In truth, I would have liked to see Holiday Porter with less alcohol—blasphemy says the peanut gallery.  Hear me out.  Beer makers are tripping over themselves to make stronger and stronger beers—witness Bud Light Platinum—without really considering if it something that people really want.  I am not advocating for a hard cap on the alcohol in beer or anything, but brewers could learn that a little less alcohol can go a long way to providing a nice canvas to show some unique and subtle flavors that might get lost in a bigger beer.

Two of the beers included in the sampler pack were not so successful: Chocolate Bock and White Christmas.  I’ll address them in a descending order of approval with the bock first:

Chocolate Bock

This beer totally lacked any bitterness to counteract the sweetness that hits the tongue from the inclusion of cacao nibs.  There is a fine line to be walked with very dark beers when it comes to the interplay between sweet and bitter.  It is one of the reasons that I usually dislike milk stouts.  The inclusion of a non-fermentable sugar gives the beer a sweet thickness that I find unappealing.  This beer has many of those same characteristics.

The Chocolate Bock was a winner in comparison to White Christmas:

White Christmas

Sold as a white beer with spice notes for the holidays, White Christmas is one insipid liquid.  First, at 5.8% ABV there needs to be some body and bitterness for balance.  However, there is none.  The beer is very light in body—as you can see by the color—and lacking completely in bitterness.  So, there is a strong alcohol flavor and aftertaste that ruins everything from the first drink.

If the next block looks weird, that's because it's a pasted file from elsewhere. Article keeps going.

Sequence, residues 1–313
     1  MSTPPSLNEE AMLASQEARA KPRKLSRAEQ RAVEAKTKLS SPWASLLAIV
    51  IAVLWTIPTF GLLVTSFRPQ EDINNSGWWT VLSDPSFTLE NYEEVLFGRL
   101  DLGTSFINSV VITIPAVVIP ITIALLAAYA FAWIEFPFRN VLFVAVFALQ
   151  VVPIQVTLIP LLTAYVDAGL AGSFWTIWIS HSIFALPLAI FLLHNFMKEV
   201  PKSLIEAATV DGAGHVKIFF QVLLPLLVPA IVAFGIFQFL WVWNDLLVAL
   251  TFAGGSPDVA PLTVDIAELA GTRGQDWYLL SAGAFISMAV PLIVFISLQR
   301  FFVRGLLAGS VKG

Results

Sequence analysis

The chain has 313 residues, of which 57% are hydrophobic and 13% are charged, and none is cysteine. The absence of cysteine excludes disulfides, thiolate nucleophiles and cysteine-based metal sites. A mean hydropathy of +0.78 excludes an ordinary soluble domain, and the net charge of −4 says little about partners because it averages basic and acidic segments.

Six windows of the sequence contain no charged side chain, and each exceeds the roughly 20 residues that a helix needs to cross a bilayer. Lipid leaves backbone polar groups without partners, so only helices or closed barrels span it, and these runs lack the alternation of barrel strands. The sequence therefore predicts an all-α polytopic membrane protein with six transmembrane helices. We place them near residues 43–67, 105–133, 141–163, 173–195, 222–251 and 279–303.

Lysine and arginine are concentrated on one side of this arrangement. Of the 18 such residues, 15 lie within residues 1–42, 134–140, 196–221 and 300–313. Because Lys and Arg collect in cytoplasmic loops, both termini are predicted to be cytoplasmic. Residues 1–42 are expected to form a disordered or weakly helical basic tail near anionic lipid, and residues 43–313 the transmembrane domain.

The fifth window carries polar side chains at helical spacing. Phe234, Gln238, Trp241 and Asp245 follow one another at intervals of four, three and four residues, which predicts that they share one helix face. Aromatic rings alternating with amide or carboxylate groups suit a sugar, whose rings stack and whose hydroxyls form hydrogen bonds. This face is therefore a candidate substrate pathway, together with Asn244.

White ales are a hard beer to execute well, in my opinion, because the brewers instinct to go over the top is not rewarded as it might be with a stout or an IPA.  What usually results is a beer that is less than the sum of its parts in a major way and ends up getting poured down the drain.

Random Beer Thoughts

Latest Organic American Ale

My second organic American Ale turned out okay.  The hop profile was subdued with some of the aromas associated with more pungent American ales, especially the kind that predominates in the Pacific Northwest.  Here is a look:

I have not noticed a lot of difference between Wyeast 1272 American Ale II and 1056 American Ale.  My palate may not be advanced enough, but the beers taste similar.  The 1056 seems to produce a beer with more of a head and is more effervescent.  It’s about the only quantifiable difference I can pin down.  Maybe it is the preponderance of American style ales I have been drinking lately, thus I find myself…

Tired of American Style Ales

This winter my brewing has focused heavily on American style ales using Wyeast 1056 American Ale and Wyeast 1272 American Ale II with a variety of malt extract, steeping grains, and hops.  After drinking several batches and trying some brews from fellow homebrewers I can safely say that I am tired of the style right now.

With the weather turning warmer—it’s the end March and the temperature in eastern Iowa has tickled the upper 70s—I am looking forward to “spreading my wings” and brewing up something different.  The Innkeeper, an extract kit from Northern Brewer, is in bottles and should be ready in a couple of weeks.  This weekend I brewed up a California Common (a.k.a “steam” beer”) and an Irish Red Ale is coming on right after that.  I think I might try the AK47 extract kit from Northern Brewer and whatever else strikes my fancy, but it is not going to be an American Ale.